breastfeeding, chestfeeding, mastitis

Mastitis, ouch!

Mastitis is an inflammation in your breasts which may become an infection if not addressed.  It affects about 1/3 of lactating parents but can be prevented and treated with quick resolution.


Mastitis most often occurs when milk isn’t fully removed often.   This can lead to inflammation and discomfort. 

If left untreated, you may develop an infection.  Early symptoms include a painful, heavy full feeling in your breasts, fatigue, and/or tender areas of the breast (especially on the bottom and near your armpit). 

For some parents, the feeling happens during milk ejection (letdown) and can feel like a burning or stinging sensation starting at the nipple and moving deeper into the breast.

Most commonly mastitis occurs during the first 2-4 weeks.  Your risk of developing mastitis is higher if you have diabetes or if you have had antibiotics during or after delivery (ie, Group B Strep).  It’s especially important to feed baby often and well in these situations.

Your milk is safe for baby when you have mastitis

Your Lactation Consultant can help you figure out how to
prevent mastitis from re-occurring.

Self-care can resolve the inflammation in most cases without the use of medication.

Cool compresses, an anti-inflammatory like ibuprofen, rest, with gentle lymphatic massage are helpful and may prevent an infection. You should feel better in 24hrs with self-care.

Older recommendations included warm compresses, feeding and pumping very often, as well as vigorous massage. We now know this can increase symptoms.

Multiple studies have reported that probiotics (beneficial bacteria) are effective in treating infectious mastitis and also resulted in a lower occurrence of repeat mastitis compared to antibiotic treatment.

Look for Lactobacillus fermentum, Lactobacillus salivarius, and Lactobaccillus gasseri (it may be listed as L. fermentum, etc).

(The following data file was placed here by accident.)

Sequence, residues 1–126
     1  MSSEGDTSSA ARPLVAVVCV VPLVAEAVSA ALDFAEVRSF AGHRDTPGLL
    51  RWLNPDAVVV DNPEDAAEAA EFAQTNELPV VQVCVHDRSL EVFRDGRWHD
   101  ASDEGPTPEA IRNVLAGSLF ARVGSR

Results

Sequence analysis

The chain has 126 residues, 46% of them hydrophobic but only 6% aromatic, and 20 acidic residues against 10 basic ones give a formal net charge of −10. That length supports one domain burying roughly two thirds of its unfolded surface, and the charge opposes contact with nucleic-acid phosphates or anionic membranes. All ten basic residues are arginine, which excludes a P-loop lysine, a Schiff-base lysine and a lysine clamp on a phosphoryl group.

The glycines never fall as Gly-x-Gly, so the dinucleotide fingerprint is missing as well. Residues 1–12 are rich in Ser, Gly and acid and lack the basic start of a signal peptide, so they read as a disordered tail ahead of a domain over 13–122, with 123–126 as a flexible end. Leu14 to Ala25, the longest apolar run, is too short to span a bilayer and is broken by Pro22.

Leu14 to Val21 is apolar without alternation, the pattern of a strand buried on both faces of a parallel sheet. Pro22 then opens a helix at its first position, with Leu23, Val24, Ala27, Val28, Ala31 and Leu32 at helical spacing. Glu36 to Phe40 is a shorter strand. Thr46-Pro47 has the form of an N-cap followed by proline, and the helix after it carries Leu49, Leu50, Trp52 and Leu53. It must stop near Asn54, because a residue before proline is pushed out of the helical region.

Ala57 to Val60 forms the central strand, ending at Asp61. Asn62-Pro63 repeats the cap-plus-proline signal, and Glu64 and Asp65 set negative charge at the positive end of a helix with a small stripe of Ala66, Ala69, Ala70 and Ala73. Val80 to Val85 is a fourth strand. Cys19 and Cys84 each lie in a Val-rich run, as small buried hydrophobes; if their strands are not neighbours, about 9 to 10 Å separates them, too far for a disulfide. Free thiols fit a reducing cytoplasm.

Check with your IBCLC or provider for recommended products. Better quality probiotics are generally refrigerated and contain 10 billion CFUs or higher. Continue taking the probiotics for 2 weeks after symptoms resolve.

Call your doctor if you experience:

Fever over 101F
Flu-like aches
Nausea and chills
Pain and swelling in the breasts
Red, hot, tender area which is often wedge shaped
Red streaking toward the armpit

You should start to feel better in 8-24 hours.  If you are not feeling better with self-care or you develop a fever, flu-like symptoms, or any signs of infection you will need to see your physician.  Most people feel much better after 2 days but it’s important to take all 10-14 days of your medication or you may develop an abscess which requires surgical treatment.  The most common antibiotics prescribed for mastitis are dicloxacillin or flucoxacillian.  

Antibiotics can cause digestive symptoms so follow your doctor’s directions and taken your probiotic dose 2-4hrs after your medication.

Work with your Lactation Consultant to prevent mastitis from happening again. 

If you get mastitis frequently or it’s always in the same area, your doctor may order an ultrasound to get more information.

❤ Megan Dunn, IBCLC

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